Peter Lamarque at Notre Dame Philosophical Reviews:
Few would dispute that, all things considered, some exposure to works of imaginative literature (novels, plays, poems) as part of a rounded education is better than no such exposure. Beyond that, disagreements are rife. Culture wars loom, with anxieties over curriculum choice, gender and racial bias, elitism, contested pedagogic methods, and a disconcerting vagueness about aims sought.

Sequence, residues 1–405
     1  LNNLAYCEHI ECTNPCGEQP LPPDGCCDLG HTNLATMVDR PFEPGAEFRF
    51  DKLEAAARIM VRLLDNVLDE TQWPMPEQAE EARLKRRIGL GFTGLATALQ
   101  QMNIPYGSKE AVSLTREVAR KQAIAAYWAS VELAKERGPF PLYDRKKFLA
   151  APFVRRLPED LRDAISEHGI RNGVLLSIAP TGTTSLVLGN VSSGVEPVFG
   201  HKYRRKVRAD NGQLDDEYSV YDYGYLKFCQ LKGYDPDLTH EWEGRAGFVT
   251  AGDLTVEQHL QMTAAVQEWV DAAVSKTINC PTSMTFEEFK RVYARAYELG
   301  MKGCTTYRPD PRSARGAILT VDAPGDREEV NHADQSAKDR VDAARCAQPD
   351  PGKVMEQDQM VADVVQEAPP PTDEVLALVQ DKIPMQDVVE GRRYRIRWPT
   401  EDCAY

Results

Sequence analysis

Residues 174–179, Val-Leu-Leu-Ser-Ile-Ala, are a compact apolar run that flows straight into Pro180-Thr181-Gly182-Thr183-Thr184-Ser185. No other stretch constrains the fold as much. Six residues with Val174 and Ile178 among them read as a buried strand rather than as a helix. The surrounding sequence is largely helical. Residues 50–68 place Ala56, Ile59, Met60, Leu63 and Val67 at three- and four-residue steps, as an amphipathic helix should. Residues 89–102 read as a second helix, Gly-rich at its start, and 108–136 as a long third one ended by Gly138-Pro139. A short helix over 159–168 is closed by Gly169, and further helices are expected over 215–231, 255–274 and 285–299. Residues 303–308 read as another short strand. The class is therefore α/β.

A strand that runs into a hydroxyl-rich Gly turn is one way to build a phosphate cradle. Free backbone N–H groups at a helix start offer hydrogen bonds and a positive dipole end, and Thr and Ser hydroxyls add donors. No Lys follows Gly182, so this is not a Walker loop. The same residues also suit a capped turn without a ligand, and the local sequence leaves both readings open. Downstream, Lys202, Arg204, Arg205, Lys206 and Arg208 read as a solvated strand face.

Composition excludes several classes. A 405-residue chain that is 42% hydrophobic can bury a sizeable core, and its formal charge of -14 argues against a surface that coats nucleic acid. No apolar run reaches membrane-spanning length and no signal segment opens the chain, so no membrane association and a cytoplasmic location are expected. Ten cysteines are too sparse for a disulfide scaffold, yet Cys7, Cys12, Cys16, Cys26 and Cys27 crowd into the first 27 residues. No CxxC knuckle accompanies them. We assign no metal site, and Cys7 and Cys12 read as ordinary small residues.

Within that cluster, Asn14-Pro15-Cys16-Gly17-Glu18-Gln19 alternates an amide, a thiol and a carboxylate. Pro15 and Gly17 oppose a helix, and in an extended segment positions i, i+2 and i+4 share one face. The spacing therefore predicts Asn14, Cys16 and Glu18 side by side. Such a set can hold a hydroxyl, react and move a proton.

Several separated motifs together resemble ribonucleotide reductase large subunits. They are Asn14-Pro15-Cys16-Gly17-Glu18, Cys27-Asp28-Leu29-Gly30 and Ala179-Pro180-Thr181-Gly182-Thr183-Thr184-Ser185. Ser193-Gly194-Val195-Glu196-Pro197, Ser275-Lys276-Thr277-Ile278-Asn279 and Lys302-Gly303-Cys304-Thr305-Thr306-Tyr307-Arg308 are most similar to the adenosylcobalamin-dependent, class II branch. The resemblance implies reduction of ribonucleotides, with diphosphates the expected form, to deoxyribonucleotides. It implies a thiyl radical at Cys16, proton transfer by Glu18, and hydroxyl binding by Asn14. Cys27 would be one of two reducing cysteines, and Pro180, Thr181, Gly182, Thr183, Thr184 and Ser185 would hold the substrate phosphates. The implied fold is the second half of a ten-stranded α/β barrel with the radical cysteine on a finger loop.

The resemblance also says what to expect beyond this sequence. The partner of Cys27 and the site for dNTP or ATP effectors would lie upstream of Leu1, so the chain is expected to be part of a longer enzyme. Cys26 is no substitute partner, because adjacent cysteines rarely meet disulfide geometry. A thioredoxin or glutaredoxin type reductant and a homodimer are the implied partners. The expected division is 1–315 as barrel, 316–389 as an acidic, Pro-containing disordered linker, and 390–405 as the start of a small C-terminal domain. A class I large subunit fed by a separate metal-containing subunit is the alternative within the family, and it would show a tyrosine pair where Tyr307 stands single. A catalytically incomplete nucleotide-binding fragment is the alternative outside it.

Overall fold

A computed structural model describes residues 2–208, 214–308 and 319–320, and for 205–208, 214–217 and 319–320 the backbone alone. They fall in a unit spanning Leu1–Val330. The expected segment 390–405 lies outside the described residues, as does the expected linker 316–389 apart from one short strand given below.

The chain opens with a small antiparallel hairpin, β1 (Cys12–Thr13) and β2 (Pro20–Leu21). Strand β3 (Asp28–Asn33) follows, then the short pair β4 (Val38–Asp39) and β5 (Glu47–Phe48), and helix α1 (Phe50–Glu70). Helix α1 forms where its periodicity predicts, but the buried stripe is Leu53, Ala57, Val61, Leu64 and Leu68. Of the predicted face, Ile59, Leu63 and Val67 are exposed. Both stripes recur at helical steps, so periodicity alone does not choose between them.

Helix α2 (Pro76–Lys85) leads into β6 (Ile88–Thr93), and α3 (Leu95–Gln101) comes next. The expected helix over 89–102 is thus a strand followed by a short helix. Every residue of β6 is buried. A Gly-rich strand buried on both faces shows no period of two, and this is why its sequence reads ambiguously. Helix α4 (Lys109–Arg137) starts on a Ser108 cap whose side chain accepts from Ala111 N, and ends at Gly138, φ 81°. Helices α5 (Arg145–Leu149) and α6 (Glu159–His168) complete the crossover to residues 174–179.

In this important and polemical book, Gregory Currie sidesteps direct engagement with these heated controversies at the frontline of educational policy but nevertheless shines a penetrating, for some disturbing, light on one of the most prominent lines of defence for a humanistic, literary education, the thought that we can learn from works of fiction in substantial ways: that reading fiction can make us better people, more wise, more morally astute, more empathetic, more knowledgeable about human follies and aspirations. Currie does not deny outright that such benefits can accrue, but warns that our confidence that this is so is often misplaced and ill-grounded.